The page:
Xavier Rathan-Mayes, a key incoming basketball recruit for Florida State, will not suit up for the team in games or practice this year after not being cleared by the NCAA Eligibility Center. Rathan-Mayes will be allowed to receive a scholarship though, which means he received a partial initial eligibility waiver.
Back in the bad old days of the NCAA Clearinghouse and older versions of the initial eligibility rules, prospects could be ruled qualifiers, nonqualifiers, or partial qualifiers. Partial qualifiers have not existed in Division I since 2005 but will return in 2016 as “academic redshirts” under the new initial eligibility rules. In the meantime, their spirit lives on the initial eligibility waiver process. After a prospect is ruled a final nonqualifier by the Eligibility Center, the institution may filed a waiver on his behalf that can be approved, denied, or partially approved.
As Mike DeCourcy pointed out, partially approved waivers can take on different forms, including allowing no practice at all, allowing practice if certain academic benchmarks are met in the first term, or allowing practice throughout the first year. Initial eligibility waivers are now weighted heavily toward the concept of academic preparedness, with special attention paid to GPA and test scores. Prospects with stronger GPAs and test scores but who missed the core course credit requirement have the best chance for fully approved waivers or partially approved waivers that allow more practice.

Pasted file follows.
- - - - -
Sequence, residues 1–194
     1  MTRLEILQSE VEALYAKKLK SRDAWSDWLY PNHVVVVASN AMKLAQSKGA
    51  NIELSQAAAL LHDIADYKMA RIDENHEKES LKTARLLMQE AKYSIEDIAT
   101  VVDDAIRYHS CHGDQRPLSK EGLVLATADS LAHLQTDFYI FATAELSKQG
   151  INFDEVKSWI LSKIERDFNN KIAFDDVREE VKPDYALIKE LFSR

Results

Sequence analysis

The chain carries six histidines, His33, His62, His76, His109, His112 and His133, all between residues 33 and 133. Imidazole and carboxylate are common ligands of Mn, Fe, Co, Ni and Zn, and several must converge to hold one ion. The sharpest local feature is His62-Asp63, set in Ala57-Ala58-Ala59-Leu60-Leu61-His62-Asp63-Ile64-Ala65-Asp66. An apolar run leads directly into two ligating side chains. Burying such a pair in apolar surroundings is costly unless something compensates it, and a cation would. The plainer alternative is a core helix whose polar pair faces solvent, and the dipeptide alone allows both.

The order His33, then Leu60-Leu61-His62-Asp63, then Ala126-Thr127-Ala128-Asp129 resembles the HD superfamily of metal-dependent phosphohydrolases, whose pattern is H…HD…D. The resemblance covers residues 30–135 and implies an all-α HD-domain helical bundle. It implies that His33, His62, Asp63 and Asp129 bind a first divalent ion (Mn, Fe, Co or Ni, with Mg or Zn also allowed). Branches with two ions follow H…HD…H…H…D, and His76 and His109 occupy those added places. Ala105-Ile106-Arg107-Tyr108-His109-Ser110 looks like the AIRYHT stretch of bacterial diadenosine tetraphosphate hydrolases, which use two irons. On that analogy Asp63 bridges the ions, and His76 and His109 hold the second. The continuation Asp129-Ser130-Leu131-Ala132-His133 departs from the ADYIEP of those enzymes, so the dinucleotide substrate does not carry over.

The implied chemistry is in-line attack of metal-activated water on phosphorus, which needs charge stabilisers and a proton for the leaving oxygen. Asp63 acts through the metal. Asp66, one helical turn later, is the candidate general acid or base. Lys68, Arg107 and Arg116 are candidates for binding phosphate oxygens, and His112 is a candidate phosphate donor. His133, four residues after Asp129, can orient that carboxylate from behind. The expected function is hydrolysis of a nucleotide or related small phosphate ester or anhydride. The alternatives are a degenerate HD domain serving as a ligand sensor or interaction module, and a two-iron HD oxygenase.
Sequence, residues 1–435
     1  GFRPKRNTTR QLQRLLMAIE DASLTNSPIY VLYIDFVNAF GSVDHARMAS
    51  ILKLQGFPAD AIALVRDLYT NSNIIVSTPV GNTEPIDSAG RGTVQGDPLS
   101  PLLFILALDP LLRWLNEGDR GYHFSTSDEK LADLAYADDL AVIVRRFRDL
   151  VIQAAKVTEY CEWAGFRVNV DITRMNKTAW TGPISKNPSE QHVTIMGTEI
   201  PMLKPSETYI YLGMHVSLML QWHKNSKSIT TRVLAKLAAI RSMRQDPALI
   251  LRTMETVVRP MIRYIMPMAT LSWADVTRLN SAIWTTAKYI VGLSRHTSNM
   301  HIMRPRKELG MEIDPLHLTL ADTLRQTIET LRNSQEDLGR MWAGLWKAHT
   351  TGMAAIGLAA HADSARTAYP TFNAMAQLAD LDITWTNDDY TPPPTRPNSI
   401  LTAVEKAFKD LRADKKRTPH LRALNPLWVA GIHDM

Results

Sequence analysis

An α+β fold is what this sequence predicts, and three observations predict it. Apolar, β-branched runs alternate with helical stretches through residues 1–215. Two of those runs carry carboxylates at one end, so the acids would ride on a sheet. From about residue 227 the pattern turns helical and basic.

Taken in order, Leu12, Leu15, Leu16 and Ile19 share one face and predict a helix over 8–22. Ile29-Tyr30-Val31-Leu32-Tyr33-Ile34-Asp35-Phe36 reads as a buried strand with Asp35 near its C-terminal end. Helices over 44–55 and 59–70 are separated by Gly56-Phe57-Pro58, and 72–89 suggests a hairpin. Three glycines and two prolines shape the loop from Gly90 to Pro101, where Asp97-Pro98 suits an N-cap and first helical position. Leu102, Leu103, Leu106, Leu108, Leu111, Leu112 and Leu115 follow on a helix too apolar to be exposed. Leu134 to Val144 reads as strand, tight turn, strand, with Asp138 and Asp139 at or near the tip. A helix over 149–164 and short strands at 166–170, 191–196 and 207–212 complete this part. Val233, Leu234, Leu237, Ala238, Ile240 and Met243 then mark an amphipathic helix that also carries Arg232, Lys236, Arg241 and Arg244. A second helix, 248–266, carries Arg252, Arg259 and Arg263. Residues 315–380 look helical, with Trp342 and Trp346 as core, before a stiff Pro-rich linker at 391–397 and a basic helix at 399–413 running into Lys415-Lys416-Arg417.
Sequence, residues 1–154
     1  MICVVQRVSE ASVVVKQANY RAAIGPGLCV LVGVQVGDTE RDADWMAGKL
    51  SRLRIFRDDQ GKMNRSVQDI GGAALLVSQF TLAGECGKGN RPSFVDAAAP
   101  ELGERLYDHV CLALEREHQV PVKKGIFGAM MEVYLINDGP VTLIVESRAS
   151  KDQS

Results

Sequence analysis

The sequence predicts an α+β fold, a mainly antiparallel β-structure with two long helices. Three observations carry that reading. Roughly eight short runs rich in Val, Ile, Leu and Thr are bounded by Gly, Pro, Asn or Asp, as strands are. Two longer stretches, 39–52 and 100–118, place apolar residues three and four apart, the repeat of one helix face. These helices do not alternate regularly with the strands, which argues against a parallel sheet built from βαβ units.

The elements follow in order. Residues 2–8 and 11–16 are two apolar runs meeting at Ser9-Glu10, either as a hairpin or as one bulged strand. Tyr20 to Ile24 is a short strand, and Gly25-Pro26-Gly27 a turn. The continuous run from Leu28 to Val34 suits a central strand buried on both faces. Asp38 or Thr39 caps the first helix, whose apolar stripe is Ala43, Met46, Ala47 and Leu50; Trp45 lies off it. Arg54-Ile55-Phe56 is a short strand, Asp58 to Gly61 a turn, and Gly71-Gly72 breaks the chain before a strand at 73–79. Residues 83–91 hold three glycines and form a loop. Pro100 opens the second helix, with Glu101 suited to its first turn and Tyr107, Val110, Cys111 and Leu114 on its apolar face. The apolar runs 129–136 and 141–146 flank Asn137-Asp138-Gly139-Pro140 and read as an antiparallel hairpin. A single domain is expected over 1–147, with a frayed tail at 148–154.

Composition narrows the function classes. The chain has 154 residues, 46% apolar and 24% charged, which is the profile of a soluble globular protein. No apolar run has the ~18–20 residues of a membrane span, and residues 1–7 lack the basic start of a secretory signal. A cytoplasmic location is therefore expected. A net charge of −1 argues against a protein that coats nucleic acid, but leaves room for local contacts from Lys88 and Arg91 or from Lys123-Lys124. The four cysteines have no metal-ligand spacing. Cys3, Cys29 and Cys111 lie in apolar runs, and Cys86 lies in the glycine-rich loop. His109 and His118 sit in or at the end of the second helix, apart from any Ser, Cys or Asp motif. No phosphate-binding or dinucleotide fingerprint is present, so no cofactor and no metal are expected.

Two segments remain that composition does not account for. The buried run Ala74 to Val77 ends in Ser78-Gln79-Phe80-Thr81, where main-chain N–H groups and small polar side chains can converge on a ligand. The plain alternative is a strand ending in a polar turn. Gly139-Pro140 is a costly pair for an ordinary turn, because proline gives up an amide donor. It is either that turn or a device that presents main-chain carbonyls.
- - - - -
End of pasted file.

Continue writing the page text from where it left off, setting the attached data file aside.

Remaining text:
This attitude can be seen in the coming initial eligibility changes in 2016. All of the new rules either raise the GPA requirement or strengthen the GPA calculation. A prospect with a sufficient GPA and test score under the old requirements will not compete the first year if it was not earned according to the new standards which give more confidence in the calculations.